Put on your CHEMICAL SPLASH-PROOF SAFETY GOGGLES!


Part I. Standardization of NaOH with KHP

1.    Clean a buret by rinsing with several
portions (about 10 mL) of tap water. (The buret is clean enough when water
droplets do not cling to the inner surface.) This rinse water can be poured
down the drain.

2.    Obtain about 150 mL of the NaOH solution
in a clean, dry 400 mL beaker. Cover with a watch glass.

3.    Rinse the buret with three portions
(about 5 mL) of the NaOH solution. Drain each NaOH rinse and discard into
the waste container located under the hood.

4.    Fill the buret with NaOH to slightly
above the zero mark and clamp the buret up vertically.

5.    Remove the air bubbles from the tip
of the buret by draining the NaOH into a small beaker. Read the NaOH level
to within + 0.02 mL and record this value in the initial base reading
on the data sheet. (It is not necessary to have the NaOH level at exactly
the 0.00 mL mark. Anywhere below 0.00 mL will suffice. What is important,
is to record this initial NaOH reading to two decimal places.)

6.    Weigh a clean 250 mL beaker to +
0.01 g. Add 0.6 to 0.7 g of KHP (potassium acid phthalate; HKC8H4O4).
Re-weigh the beaker and contents to + 0.01 g. Record the mass on
the data sheet.

7.    Dissolve all the KHP in water by
adding about 30 mL of distilled water to the beaker and stirring with a
glass rod. (If necessary, you can warm the solution to dissolve all the
solid acid.) Transfer this solution into a clean 250 mL Erlenmeyer flask.
Rinse the beaker twice with about 5 mL of distilled water to make sure
all of the acid has been transferred to the flask.

8.    Add 3 to 4 drops of phenolphthalein
indicator to the KHP solution in the Erlenmeyer flask.

9.    Place the flask containing the acid
solution and indicator under the buret. Add NaOH from the buret to the
flask with swirling until the color of the solution in the flask is a faint
pink. This faint pink color should last only 45 to 60 seconds. There should
be a one-drop difference between when the solution is colorless and when
it is pink. If too much base is added (that is, if you “over-shoot” the
endpoint), discard the solution and repeat the titration. A white piece
of paper placed under the flask will aid in the color detection.

10.    When the proper end point is reached,
read and record the final NaOH volume to within + 0.02 mL.

11.    Discard the contents of the Erlenmeyer
flask into the waste container located under the hood.

12.    Repeat the titration procedure a
second time by following steps 4 – 11.

13.    Calculate the molarity of the NaOH
from the two titrations. If the calculated base concentrations from the
first and second titration vary by more than 0.005 M, perform a third titration.

Part II. Standardization of HCl with NaOH

1.    Refill and zero the NaOH buret.
Read the NaOH level to within + 0.02 mL and record this value in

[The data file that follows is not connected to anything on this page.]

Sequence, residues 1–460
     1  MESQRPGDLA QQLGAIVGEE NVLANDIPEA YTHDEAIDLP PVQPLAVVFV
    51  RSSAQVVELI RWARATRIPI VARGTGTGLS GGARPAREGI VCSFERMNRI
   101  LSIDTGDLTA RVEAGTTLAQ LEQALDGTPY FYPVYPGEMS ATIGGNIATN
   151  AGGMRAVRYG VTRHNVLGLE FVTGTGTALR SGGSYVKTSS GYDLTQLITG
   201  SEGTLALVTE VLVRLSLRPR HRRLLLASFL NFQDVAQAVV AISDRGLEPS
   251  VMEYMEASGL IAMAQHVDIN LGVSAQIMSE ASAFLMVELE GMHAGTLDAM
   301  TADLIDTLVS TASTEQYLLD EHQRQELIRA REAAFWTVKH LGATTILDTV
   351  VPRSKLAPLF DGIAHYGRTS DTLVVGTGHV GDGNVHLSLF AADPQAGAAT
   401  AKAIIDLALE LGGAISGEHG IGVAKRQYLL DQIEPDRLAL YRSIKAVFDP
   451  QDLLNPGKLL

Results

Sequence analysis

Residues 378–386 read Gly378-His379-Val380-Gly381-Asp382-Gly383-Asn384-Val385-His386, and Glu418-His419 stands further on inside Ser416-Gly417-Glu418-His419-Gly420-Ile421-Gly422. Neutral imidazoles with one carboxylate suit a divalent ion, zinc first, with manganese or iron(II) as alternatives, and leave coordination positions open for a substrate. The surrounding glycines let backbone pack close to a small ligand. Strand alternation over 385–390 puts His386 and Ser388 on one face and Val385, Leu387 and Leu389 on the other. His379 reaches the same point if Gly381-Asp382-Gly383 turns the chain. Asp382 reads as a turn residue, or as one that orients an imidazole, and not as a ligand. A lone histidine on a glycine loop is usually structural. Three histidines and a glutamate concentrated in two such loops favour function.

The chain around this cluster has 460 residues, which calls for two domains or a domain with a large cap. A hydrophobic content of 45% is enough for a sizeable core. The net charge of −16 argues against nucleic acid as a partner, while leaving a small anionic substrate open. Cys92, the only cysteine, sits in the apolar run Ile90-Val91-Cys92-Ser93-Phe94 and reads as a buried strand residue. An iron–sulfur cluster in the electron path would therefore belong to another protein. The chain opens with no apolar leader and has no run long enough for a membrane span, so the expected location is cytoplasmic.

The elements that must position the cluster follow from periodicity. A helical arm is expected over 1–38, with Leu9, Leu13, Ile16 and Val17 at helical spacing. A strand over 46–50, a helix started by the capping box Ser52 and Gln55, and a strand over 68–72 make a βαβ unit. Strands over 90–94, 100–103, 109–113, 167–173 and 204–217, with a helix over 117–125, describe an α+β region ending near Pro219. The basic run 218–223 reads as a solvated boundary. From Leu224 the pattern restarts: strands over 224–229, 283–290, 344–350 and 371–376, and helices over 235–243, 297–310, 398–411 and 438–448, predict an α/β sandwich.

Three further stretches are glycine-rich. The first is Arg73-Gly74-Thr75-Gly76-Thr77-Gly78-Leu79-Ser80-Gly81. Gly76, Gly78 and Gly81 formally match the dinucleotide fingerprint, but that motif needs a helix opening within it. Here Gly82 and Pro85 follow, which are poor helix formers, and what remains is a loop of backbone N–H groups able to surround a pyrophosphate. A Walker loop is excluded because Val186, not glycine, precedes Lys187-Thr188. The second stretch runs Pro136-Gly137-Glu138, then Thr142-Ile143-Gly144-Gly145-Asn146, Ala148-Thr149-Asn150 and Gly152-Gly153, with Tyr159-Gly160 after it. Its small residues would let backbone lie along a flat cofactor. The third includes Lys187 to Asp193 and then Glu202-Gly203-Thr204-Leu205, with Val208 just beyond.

the initial base reading on the data sheet.

2.    Obtain a clean, but not necessarily
dry, 250 mL Erlenmeyer flask , and using the buret labeled “HCl” (located
at the back of the room), transfer approximately 25.00 mL of the HCl acid
solution into the flask. Read and record the initial and final acid buret
readings to + 0.02 mL. It is not necessary to deliver exactly 25.00
mL of HCl into the flask. What is important, is that the volume of HCl
delivered into the flask is known to two decimal places.

3.    Add 3 to 4 drops of phenolphthalein
indicator to the HCl solution in the Erlenmeyer flask.

4.    Place the flask containing the acid
solution and indicator under the buret and add NaOH from the buret to the
flask with swirling until a phenolphthalein endpoint is reached. There
should be a one-drop difference between when the solution is colorless
and when it is pink. If too much base is added (that is, if you “over-shoot”
the endpoint), discard the solution and repeat the titration.

5.    When the proper end point is reached,
read and record the final NaOH volume to within + 0.02 mL.

6.    Discard the contents of the Erlenmeyer
flask into the waste container located under the hood. Repeat the titration
procedure a second time by following steps 1 – 5.

7.    Calculate the molarity of the HCl
(MHCl) acid for each titration. If the calculated acid concentrations
from the first and second titrations vary by more than 0.005 M, perform
a third titration. Calculate an average acid molarity using the two closest
values.

8.    Before returning the buret
to the lab bench, please rinse it out with a couple of water rinses.

Chemistry 104: Standardization

Name________________________________________Hood No.______ Date_____________

Put on your CHEMICAL SPLASH-PROOF SAFETY GOGGLES!

Show all calculations on an attached second sheet.

Part I. Standardization of NaOH with KHP

 
Titration 1
Titration 2
Titration 3
wt. of beaker______________g______________g______________g
wt. of KHP & beaker______________g______________g______________g
wt. of KHP______________g______________g______________g
Initial NaOH buret reading______________mL______________mL______________mL
Final NaOH buret reading______________mL______________mL______________mL
mL NaOH______________mL______________mL______________mL
Molarity NaOH______________M______________M______________M

Average Molarity of NaOH _________________

 

Part II. Standardization of HCl with NaOH

 
Titration 1
Titration 2
Titration 3
Initial NaOH buret reading______________mL______________mL______________mL
Final NaOH buret reading______________mL______________mL______________mL
mL NaOH______________mL______________mL______________mL
Initial HCl buret reading______________mL______________mL______________mL
Final HCl buret reading______________mL______________mL______________mL
mL HCl______________mL______________mL______________mL
Molarity HCl______________M______________M______________M

Average Molarity of HCl _________________